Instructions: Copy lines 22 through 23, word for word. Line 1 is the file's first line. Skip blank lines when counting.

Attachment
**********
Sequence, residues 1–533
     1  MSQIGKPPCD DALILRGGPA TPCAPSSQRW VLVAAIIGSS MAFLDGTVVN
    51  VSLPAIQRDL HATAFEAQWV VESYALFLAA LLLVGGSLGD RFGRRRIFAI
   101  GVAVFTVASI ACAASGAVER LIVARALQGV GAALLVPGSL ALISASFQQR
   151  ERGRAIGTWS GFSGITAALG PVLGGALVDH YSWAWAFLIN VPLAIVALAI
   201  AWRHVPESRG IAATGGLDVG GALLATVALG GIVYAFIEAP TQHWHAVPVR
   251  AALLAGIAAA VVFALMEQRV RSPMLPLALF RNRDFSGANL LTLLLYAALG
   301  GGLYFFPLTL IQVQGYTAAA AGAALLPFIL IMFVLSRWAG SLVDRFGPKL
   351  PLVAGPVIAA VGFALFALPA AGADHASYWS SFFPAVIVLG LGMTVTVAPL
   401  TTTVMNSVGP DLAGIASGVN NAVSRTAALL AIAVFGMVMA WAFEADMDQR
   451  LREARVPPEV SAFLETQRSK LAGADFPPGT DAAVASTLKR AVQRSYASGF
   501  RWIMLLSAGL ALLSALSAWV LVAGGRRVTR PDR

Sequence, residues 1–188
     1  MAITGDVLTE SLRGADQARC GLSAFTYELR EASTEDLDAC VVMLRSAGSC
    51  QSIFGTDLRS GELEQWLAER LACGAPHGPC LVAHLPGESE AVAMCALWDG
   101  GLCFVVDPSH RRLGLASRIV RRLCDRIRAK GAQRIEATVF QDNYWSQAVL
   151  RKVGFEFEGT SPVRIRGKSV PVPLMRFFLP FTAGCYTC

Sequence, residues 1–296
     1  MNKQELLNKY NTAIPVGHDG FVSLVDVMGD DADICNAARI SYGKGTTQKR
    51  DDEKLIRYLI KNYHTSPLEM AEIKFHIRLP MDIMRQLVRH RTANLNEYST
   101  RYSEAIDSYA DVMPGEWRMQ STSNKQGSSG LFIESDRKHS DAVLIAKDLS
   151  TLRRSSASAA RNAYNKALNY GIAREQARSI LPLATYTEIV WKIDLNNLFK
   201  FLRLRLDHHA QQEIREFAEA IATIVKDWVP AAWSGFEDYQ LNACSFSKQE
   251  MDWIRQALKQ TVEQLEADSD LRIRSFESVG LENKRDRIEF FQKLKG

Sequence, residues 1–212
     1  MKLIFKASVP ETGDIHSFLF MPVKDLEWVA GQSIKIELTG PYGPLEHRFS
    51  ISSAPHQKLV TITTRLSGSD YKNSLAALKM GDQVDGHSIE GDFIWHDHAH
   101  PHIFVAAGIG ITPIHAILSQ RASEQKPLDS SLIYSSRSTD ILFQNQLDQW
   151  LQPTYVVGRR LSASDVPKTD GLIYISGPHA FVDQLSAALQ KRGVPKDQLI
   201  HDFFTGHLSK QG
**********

   151  TLRRSSASAA RNAYNKALNY GIAREQARSI LPLATYTEIV WKIDLNNLFK
   201  FLRLRLDHHA QQEIREFAEA IATIVKDWVP AAWSGFEDYQ LNACSFSKQE